• The Washington Note: "Did the President Declare 'Secret War' Against Syria and Iran?" Senators Biden and Hagel are concerned that the president could escalate the Iraq war by striking Syria and Iran without seeking authorization from Congress. President had said "We'll interrupt the flow of support from Iran and Syria. And we will seek out and destroy the networks providing advanced weaponry and training to our enemies in Iraq." Secretary Rice did not put those concerns to a rest and Hagel brought up the Vietnam war: "Some of us remember 1970, Madame Secretary, and that was Cambodia, and when our government lied to the American people and said we didn't cross the border going into Cambodia."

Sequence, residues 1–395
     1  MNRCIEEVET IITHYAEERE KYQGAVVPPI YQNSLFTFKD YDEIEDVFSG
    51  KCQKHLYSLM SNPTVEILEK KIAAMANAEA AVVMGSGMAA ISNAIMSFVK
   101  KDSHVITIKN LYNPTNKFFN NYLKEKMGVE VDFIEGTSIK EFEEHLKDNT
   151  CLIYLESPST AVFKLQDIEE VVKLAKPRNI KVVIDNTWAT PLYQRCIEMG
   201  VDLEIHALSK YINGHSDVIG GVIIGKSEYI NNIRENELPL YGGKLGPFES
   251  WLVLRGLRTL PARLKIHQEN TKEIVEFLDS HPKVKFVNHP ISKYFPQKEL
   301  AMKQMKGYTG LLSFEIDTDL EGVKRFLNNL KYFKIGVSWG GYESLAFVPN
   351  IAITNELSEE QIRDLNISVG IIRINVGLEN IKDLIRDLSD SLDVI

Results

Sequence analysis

• "Foreign policy divides the Democrats:" The New Yorker describes some foreign policy positions by the potential Democratic presidential candidates Barack Obama, Hillary Clinton and John Edwards as well as Evan Bayh, the Senator from Indiana who recently decided that he will not seek the 2008 Democratic nomination for President. Very Interesting, but not specifically about President Bush's "surge." (HT: Marian)
The 12th annual "Berlin & Beyond" seven-day cinema celebration of films from Germany, Austria and Switzerland starts in San Francisco, writes the SF Chronicle:
German-language films are more popular than ever in the United States, says Ingrid Eggers, Berlin & Beyond's program director and co-founder, who has watched the festival's audience grow from several hundred to more than 10,000. She cites recent U.S.-distributed Deutsch hits such as "Downfall" [Amazon.com, Amazon.de], "Run Lola Run" [Amazon.com, Amazon.de], "The Edukators" [Amazon.com, Amazon.de], and the Oscar-winning "Nowhere in Africa" [Amazon.com, Amazon.de] as reasons for the rise in popularity.